Slow Down to Run Faster

jogging track

The long run is the key base endurance session in any weekly endurance training program. It doesn’t matter if you’re training for Sprint Distance or Ironman, it is necessary to maintain your run endurance throughout the whole season with a weekly long run.

Being the key endurance session it is important to know how fast you should be running. If you run too slowly, you won’t produce significant stimulus and adaptation. Run too fast and you run the risk of not being recovered for your next session. Making things more difficult, long runs can serve multiple training purposes, each with its own set of intensity and pace parameters.

So, what is the optimal intensity for your easy long runs? The following outlines the different types of long runs and examines the scientific literature behind easier long runs to help you determine your ideal pace for those sessions. This is why it is important to always follow your Coaches designated intensities at any session.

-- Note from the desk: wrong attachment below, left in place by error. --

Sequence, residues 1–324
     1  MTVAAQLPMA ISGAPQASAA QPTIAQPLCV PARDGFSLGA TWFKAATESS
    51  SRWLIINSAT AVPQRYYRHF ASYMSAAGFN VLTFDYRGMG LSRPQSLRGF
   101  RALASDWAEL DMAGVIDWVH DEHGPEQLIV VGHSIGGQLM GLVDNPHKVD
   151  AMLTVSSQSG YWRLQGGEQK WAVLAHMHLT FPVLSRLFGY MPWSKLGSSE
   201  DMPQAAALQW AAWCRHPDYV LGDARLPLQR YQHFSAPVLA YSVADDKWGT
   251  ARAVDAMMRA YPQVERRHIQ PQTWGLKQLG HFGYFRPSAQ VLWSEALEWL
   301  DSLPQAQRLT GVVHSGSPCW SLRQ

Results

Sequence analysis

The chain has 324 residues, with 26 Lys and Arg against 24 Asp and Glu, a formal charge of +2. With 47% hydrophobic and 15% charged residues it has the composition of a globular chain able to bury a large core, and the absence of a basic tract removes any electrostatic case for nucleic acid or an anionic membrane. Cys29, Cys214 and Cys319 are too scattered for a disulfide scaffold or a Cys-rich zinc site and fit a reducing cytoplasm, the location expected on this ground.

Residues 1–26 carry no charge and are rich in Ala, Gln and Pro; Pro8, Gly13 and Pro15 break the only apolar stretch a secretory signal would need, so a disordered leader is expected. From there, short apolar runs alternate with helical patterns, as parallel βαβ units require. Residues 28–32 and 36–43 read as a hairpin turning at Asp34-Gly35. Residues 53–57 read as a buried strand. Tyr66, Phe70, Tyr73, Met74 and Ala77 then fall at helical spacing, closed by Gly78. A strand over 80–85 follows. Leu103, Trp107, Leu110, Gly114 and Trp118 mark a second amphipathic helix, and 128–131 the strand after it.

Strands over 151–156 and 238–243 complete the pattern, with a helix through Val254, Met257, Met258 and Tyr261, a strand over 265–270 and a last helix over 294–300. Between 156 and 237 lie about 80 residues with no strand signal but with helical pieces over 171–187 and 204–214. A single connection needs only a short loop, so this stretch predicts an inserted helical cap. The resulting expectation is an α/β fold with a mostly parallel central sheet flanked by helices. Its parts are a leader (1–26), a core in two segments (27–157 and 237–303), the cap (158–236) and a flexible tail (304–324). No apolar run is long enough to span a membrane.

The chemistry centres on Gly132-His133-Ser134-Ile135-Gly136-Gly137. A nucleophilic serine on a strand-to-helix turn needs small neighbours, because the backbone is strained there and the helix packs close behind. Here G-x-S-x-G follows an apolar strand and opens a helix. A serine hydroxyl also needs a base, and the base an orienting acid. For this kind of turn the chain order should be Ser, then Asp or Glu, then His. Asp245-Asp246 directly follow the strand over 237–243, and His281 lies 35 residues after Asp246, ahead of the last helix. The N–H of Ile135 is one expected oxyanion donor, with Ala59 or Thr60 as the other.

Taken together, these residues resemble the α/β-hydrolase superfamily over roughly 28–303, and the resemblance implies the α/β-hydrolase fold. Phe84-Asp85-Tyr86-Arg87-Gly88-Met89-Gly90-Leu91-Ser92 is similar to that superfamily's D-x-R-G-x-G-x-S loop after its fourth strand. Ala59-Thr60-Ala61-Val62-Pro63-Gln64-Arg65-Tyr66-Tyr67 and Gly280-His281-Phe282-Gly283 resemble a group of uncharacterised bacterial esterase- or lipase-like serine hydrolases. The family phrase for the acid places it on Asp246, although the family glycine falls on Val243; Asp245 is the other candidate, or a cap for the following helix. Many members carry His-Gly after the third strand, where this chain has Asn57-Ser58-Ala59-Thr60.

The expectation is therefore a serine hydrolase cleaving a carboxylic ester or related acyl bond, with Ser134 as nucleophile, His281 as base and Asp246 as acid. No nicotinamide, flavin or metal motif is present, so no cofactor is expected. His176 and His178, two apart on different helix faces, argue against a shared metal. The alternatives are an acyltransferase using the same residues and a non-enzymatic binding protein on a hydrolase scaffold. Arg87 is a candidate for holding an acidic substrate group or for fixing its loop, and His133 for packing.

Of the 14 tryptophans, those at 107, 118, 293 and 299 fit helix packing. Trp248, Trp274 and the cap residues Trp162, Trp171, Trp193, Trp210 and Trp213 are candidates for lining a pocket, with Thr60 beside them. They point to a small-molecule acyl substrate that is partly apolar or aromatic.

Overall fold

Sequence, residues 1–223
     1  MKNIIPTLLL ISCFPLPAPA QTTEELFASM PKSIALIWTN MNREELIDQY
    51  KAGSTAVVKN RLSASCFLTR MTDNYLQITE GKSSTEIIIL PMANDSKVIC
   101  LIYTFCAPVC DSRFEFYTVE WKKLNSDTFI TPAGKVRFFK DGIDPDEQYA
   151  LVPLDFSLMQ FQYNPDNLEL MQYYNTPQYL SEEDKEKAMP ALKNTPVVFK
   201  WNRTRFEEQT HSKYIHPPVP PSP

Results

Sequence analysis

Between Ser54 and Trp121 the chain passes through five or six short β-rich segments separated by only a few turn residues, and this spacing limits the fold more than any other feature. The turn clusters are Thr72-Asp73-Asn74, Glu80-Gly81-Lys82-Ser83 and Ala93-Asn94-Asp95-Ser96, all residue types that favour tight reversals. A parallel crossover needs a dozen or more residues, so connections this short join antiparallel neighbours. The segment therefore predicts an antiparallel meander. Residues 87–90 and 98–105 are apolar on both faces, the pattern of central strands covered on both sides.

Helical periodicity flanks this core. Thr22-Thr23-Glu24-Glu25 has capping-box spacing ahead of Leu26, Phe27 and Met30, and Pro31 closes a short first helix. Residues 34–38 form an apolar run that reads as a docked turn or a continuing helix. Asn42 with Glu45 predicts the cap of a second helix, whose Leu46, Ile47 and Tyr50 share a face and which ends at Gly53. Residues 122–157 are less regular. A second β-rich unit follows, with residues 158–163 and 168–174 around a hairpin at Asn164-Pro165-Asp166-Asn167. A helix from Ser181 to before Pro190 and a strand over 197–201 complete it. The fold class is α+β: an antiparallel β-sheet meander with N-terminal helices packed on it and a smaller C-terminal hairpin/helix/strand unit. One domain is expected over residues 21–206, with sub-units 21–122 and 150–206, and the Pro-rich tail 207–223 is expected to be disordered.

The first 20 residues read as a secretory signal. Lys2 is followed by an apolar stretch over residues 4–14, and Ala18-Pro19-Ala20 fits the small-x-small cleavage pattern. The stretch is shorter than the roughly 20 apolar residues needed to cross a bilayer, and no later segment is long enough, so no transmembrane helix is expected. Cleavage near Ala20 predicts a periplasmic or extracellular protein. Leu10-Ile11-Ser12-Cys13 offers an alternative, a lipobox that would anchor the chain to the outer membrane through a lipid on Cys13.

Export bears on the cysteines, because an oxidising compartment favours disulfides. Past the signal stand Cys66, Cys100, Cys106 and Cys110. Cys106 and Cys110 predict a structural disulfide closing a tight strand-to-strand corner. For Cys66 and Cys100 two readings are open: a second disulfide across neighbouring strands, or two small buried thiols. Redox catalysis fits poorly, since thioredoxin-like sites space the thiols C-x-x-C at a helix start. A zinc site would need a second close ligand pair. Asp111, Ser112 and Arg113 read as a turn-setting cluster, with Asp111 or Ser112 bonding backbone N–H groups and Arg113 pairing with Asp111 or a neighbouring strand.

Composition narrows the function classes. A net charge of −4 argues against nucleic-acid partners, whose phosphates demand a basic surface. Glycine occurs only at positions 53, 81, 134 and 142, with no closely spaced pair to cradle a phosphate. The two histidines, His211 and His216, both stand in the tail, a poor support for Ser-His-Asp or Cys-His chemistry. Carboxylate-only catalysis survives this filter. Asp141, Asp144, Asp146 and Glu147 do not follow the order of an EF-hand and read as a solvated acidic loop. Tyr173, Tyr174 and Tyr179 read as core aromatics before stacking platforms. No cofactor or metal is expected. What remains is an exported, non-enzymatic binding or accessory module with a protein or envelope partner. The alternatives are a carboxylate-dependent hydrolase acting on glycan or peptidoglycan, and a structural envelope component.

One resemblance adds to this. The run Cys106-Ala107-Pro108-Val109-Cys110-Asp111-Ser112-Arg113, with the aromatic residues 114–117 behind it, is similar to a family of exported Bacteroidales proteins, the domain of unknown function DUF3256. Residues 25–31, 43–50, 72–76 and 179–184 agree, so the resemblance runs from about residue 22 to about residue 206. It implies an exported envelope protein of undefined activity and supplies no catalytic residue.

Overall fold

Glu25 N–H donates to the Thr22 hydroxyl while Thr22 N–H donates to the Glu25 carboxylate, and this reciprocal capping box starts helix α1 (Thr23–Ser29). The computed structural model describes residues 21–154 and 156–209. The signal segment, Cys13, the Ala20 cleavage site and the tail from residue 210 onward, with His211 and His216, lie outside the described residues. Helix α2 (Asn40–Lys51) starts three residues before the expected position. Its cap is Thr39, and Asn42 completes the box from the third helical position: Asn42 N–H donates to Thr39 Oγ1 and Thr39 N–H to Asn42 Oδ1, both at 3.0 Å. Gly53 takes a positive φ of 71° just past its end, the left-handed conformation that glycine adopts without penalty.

What is the purpose of your long run?

The first step to determining the pace of your long run is assessing the purpose and intensity of the run itself.

Not all long runs are created equal. Some long runs are designed to simulate marathon conditions or teach you how to finish fast. These types of long runs are considered a hard workout and therefore, you need to have extra recovery scheduled after your session to recover fully from this style of session.

On the other hand, some long runs are done at an easier pace and lesser intensity to build aerobic endurance by improving oxygen transfer pathways and get used to being on your feet for longer periods fo time. These styles of long runs aren’t exactly recovery runs, but they aren’t designed to be hard either.

Understanding the purpose of your long run is important because long runs are just one piece to the training puzzle. For example, race-specific long runs are an integral part of a training plan and can help take your running to the next level. However, if your long run is designed to be a relatively easy day and you run too hard, you’ll start your next workout too fatigued and risk poor performance or injury.

The Physiological Benefits

If your long run is easy – i.e., not a specific workout — then what is the optimal pace? Let’s look at some of the physiological benefits of the long run and see how pace affects the intended benefit.

Capillary Development